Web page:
Rob Fink and Charles Thompson Featured on Autodesk Podcast

Kristina von Tish, CPSM, LEED Green Associate
Kristina von Tish
CPSM, LEED Green Associate
April 1, 2024
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Rob and Charles discuss the application of digital twin technology to existing and historic buildings, including integration with HBIM.

Rob Fink, AIA, a senior associate at Quinn Evans, and Charles Thompson, an associate, appeared on Autodesk’s Digital Thread podcast to discuss the application of digital twin technology to existing and historic buildings. Digital Thread interviews user-experts in the field of digital twins and Autodesk’s Tandem tool.

Host Cassandra Yocum interviewed Rob and Charles at the Autodesk University conference in Las Vegas. Their conversation began with defining Historic Building Information Management (HBIM) and describing the challenges we faced and lessons we learned creating our HBIM model for Mount Vernon.

A digital model of a stick-frame building.
HBIM model for Mount Vernon showing elements color-coded by date of construction.
Think of the [HIBM] model as a filing cabinet. You can click on any element within the model—that’s your folder. Inside is all the documentation and all the history of that object.

Charles noted that the difference between HBIM and a digital twin is the model’s focus and purpose. While HBIM captures historical information about a building’s architectural elements, digital twins are usually developed for new construction projects. Using the design model as the starting point, digital twins integrate data from sensors throughout the building to record operational data like temperature, carbon dioxide, and humidity levels in real time.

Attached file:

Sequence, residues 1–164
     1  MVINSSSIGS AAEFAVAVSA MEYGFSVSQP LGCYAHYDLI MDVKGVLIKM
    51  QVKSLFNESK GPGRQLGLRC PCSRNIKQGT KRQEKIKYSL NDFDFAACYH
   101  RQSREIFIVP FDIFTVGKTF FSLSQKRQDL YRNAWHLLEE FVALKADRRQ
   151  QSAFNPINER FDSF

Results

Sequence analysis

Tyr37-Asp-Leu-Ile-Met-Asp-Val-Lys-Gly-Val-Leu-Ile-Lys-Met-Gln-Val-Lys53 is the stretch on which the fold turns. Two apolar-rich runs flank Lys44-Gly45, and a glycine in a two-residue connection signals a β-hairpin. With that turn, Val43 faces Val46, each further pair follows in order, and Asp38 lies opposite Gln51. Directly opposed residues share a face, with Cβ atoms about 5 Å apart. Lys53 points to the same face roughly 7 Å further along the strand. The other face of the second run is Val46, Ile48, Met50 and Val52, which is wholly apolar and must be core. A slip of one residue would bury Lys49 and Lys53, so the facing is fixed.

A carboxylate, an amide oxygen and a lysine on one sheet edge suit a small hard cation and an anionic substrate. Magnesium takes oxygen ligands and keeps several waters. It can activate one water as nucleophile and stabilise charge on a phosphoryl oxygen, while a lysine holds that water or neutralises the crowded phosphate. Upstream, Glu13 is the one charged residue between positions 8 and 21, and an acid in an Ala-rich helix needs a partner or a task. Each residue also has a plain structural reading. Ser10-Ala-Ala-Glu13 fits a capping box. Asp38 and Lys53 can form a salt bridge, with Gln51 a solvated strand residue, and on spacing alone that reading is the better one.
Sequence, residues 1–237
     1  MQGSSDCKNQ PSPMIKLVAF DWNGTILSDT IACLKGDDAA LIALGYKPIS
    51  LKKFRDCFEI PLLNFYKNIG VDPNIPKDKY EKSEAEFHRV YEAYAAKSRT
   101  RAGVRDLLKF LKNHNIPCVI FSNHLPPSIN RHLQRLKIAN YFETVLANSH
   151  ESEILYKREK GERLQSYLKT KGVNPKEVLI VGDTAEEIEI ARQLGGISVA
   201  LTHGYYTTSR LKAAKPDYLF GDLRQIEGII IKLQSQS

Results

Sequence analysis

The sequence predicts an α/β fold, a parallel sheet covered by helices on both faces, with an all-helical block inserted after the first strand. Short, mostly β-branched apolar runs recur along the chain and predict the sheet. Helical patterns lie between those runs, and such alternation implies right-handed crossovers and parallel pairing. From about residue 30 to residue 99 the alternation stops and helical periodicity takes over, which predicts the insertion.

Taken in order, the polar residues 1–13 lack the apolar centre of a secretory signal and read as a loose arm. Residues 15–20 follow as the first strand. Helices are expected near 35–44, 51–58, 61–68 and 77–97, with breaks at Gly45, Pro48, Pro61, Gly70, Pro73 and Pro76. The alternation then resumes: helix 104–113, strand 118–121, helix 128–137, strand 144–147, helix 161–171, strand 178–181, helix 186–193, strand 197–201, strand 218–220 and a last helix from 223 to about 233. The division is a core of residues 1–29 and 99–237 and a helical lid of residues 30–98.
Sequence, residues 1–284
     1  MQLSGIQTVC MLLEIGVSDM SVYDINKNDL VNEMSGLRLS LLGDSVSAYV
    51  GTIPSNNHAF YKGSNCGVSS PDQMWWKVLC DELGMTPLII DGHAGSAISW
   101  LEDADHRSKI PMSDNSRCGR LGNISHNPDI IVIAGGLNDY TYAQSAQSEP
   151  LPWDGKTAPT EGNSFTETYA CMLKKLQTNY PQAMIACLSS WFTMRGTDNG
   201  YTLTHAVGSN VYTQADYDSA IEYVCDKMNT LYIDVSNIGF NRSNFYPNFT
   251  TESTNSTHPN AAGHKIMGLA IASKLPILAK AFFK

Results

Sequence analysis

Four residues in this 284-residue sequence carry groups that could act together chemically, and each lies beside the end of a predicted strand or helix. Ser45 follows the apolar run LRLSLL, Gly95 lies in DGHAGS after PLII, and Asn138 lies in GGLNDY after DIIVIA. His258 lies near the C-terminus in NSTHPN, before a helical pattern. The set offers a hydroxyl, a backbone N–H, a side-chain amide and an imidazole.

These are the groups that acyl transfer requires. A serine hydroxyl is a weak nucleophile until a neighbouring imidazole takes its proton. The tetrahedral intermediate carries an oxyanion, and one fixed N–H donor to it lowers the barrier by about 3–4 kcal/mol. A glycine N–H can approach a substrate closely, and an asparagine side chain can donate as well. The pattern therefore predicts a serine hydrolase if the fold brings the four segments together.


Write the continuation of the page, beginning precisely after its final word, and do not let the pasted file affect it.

A lot of the conversations around digital twins are about the MEP systems and the spaces they serve. [With HBIM,] we’re dealing with architectural elements as assets.

When combined with HBIM, digital twins become a powerful stewardship tool. For example, the Michigan State Capitol contains over nine acres of decorative paint finishes, which can be damaged by extreme temperature or humidity levels. (Watch a video about the ongoing project to restore deteriorated decorative paint in the Capitol rotunda here). We are currently working to layer digital twin technology onto our HBIM model of the Capitol so that the facilities team can take corrective action when environmental conditions in delicate historic spaces exceed specified boundaries.

A digital model of a building with a graphic dashboard.
HBIM model of the Michigan State Capitol with real-time temperature and humidity data.
Our job is to make sure the client can get the information they need in as little time as possible. It should be at their fingertips.

Watch the full Digital Thread interview:

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